While attention is focused on churches that might leave Scouting if the ban is lifted, it’s also possible that churches that have not sponsored troops because of the ban might reconsider and make Scouting even more inclusive.

A modest move

There are ways to monitor adult interactions, conduct due diligence when selecting adult leaders and safeguard children. These are issues for all congregations regardless of the gender or sexual orientation of adult leaders. They’re pertinent for Sunday School, youth groups, choirs and other activities involving youth. So it’s difficult to understand why a congregation would consider banishing children in scouting from the building when it’s the mission of the church to reach out to them, especially when it’s so explicit in the teachings of Jesus that we are called to bring the little children to him.

The decision the leaders of Boy Scouts of America are considering is not a radical leap forward. It’s a modest half-step toward inclusion. But it’s one that should be supported and affirmed, for the sake of the children, boys and young men for whom Scouting is a helpful guide to a better adulthood.

Continuing the Fight Against Malaria

Training Community Health Workers to install bed nets. UMNS photo by Mike DuboseA World Health Organization report raises concern that lack of money will weaken efforts to combat malaria. This is disheartening news. Great progress has been made against this disease and it has produced life-saving results.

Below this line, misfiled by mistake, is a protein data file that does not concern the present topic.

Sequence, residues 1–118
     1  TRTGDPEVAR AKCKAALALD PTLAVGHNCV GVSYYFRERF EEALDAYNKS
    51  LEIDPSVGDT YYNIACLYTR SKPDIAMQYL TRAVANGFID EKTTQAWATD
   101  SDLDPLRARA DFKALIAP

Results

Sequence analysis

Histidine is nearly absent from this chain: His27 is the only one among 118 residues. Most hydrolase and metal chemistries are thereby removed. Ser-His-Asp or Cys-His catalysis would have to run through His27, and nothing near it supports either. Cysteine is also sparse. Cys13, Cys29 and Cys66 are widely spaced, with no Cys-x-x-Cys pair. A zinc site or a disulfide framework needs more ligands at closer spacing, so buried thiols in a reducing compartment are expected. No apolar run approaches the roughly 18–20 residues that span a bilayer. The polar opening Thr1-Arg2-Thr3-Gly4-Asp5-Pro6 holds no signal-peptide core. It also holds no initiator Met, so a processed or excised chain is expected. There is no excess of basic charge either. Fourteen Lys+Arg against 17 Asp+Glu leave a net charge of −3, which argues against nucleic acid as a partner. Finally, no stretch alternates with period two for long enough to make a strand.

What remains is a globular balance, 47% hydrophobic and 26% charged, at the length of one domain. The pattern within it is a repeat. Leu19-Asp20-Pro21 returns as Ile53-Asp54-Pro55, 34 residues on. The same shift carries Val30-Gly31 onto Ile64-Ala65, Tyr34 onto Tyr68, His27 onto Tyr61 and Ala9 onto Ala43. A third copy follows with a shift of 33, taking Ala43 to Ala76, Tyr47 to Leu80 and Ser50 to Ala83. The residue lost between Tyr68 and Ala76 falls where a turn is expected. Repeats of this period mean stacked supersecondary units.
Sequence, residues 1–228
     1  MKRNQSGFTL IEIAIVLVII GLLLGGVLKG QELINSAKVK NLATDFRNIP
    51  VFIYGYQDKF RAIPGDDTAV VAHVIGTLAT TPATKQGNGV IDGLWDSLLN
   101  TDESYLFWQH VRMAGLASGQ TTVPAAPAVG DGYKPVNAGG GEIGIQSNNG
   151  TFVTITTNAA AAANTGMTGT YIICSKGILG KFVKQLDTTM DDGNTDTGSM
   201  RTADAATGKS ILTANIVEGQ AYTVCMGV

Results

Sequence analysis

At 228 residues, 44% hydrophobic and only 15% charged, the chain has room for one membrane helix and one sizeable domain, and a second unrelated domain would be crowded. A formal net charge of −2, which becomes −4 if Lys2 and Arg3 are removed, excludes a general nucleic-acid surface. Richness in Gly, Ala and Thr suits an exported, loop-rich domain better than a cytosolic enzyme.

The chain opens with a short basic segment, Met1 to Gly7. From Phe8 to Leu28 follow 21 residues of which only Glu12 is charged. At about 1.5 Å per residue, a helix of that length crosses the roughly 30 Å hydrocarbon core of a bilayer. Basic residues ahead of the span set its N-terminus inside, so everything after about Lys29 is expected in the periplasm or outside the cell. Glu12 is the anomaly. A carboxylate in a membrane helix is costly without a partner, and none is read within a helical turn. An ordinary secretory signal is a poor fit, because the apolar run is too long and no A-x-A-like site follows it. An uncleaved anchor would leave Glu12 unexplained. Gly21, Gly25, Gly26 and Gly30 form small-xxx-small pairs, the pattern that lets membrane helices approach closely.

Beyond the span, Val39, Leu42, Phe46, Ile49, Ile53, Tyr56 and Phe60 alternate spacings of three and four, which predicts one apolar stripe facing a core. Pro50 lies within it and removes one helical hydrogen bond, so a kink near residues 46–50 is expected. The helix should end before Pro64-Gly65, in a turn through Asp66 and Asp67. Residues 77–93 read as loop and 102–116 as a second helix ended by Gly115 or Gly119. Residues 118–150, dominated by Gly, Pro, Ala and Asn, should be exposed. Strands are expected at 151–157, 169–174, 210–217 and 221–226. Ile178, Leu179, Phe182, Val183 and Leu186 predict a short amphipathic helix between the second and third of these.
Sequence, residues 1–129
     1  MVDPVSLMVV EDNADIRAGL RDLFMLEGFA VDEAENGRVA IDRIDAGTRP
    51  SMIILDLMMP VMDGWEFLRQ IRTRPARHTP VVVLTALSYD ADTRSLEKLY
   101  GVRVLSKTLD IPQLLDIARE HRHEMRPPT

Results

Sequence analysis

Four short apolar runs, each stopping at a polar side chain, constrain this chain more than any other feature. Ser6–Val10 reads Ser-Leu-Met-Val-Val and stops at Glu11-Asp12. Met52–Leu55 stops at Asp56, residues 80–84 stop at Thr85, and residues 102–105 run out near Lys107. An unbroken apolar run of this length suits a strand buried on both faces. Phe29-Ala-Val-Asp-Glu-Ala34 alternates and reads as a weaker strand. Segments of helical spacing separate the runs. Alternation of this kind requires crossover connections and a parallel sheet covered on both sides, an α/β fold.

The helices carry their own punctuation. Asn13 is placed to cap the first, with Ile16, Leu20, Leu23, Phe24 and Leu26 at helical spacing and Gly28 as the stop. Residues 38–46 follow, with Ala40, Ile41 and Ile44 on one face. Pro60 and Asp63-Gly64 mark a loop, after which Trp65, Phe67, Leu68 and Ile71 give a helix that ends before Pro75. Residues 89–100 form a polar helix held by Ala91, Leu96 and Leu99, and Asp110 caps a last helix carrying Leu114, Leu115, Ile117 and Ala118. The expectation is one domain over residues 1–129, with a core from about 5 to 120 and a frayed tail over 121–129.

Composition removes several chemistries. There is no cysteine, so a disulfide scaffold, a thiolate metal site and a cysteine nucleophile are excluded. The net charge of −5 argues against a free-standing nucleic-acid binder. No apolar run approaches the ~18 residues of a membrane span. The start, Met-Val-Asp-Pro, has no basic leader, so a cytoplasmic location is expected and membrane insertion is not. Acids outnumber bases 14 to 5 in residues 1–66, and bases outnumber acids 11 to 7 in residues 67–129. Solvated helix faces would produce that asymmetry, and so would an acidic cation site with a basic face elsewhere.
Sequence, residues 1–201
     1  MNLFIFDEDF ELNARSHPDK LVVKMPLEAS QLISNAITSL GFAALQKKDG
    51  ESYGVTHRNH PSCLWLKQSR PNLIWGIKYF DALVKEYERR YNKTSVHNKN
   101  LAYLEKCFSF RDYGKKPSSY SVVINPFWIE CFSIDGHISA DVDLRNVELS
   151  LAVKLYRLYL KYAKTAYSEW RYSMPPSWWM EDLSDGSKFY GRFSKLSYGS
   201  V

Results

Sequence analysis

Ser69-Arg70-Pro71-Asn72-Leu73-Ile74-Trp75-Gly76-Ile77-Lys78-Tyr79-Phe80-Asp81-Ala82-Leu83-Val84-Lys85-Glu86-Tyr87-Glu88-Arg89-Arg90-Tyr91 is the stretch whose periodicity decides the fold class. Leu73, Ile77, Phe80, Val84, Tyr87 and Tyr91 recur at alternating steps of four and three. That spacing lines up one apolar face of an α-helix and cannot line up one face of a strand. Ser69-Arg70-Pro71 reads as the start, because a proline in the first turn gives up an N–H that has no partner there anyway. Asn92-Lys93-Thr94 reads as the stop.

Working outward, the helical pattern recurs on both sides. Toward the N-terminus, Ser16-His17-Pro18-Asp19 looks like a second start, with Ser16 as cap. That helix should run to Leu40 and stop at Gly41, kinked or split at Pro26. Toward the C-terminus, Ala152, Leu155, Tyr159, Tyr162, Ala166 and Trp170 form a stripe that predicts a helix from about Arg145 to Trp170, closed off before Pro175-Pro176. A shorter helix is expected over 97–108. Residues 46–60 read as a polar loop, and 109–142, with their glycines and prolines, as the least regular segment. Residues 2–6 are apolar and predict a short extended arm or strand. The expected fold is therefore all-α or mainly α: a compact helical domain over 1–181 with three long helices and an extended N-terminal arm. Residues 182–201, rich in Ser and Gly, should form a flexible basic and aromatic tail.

Last year more than one million children were saved as increased funding made it possible to provide more bednets, diagnostic kits and medicines. However, distribution of nets dropped sharply according to the WHO from 145 million two years ago to 66 million last year. As more children are born and existing bednets wear out, this drop will result in an increasing number of children left unprotected. The result will be more deaths and debilitating illness.

This is bad enough, but a hidden result concerns me even more. In the past, when the world cut back on funding malaria treatment and prevention, the malaria parasite spread rapidly and developed greater resistance to existing drugs. An even stronger parasite evolved making it more difficult to contain and control.

A particularly strong parasite has been identified in parts of southeast Asia in the past decade and some malaria specialists believe it could spread to Africa with devastating results.

The WHO estimates the disease could be contained with an expenditure of $5 billion per year globally. The cost of the war in Afghanistan to the U.S. is $3.6 billion a month. Tackling malaria is not beyond the capacity of the world’s governments and non-governmental organizations.